I think there is a huge amount of shame and fear involved in peoples’ responses to the climate crisis: fear that the challenge ahead is insurmountable and that the consequences of inaction are too huge to comprehend, shame that the way we have lived our lives so far has contributed to this crisis and continues to do so. It is these emotions that I think paralyse people and prevent them from taking action, causing a huge amount of stress and anxiety and making us feel increasingly disempowered. 

We need to recognise that we are living in a toxic system, one which makes it incredibly hard to make environmentally conscious choices – they’re either more difficult or more expensive, and often both. In order to really affect change we need to join forces to turn that system round and make it work in a way that is healthy for us and our planet. 

Find the people in your community that want to make a difference and use your collective power: write letters, join protests, lobby local politicians. Find the specific projects that speak to your heart and get involved – whether its tree planting, food growing, zero waste, nature education (to name just a few). There are so many strands to this movement and there will definitely be one that is right for you.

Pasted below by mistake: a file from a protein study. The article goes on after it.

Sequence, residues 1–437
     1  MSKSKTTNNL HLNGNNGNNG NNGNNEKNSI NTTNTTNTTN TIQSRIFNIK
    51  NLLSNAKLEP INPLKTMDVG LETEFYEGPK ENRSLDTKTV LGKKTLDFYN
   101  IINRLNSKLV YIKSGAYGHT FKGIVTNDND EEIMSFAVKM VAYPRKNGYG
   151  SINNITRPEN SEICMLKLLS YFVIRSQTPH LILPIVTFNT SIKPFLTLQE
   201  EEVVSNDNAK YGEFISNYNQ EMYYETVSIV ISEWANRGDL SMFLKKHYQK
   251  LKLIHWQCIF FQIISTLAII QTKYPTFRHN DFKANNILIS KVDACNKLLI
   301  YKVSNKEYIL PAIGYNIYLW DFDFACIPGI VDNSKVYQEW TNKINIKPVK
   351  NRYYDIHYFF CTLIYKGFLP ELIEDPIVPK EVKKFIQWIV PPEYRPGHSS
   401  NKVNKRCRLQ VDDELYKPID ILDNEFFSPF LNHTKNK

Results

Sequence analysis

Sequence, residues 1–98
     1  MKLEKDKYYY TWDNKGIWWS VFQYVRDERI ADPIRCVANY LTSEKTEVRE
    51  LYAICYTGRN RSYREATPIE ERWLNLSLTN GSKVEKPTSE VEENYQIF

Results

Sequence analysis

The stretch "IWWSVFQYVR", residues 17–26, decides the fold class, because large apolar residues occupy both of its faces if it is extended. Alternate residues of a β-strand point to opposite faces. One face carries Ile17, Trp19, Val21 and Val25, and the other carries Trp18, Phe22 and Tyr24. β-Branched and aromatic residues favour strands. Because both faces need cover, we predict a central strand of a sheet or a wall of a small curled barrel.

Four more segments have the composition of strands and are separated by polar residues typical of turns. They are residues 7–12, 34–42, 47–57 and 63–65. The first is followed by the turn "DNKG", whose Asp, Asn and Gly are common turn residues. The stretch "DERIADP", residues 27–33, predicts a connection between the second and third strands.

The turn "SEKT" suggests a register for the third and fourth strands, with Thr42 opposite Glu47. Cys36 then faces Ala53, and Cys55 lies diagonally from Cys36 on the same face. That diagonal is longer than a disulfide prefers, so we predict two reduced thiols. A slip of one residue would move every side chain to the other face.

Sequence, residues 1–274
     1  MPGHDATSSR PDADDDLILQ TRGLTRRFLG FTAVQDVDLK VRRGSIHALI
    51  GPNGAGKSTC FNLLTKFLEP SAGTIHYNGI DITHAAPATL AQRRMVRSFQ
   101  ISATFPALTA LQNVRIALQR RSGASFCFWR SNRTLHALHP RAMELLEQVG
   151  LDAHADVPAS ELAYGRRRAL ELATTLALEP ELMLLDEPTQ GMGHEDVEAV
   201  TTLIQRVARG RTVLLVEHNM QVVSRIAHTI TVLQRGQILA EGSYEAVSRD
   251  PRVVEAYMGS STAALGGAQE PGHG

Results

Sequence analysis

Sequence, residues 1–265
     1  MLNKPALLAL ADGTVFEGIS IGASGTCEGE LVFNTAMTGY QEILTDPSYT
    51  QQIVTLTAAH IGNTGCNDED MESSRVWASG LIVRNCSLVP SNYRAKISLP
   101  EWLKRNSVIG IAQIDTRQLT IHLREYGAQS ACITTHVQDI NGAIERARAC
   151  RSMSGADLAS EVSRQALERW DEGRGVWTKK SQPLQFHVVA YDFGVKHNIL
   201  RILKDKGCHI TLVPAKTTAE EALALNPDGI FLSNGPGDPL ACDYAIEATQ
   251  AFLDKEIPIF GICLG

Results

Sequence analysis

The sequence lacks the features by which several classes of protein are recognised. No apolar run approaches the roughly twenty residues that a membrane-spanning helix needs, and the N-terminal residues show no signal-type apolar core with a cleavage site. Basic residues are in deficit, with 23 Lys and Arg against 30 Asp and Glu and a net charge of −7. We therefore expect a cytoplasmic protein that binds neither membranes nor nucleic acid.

What can we as families really do to support the change to reduce our environmental impact?  

There is a lot we can do as individuals, and exactly what that looks like will be different for each family. For us this year its included fitting solar panels, growing more of our own food, reducing our consumption of meat and dairy, switching to an electric car, saying no to fast fashion and deciding to only fly when it feels completely necessary. 

All of these things are already reducing our carbon footprint, but individual action will only take us so far. We need to save a significant part of our energies to focus on the bigger picture, because that really is where change needs to happen.

How can we educate our children about the climate and ecological crisis? 

With children, I strongly believe that the first step in encouraging them to become guardians of our planet is to empower them to truly love nature. And this means in the first instance getting outside in nature as often as you can – be it a local park or beach or woodland, even your own garden.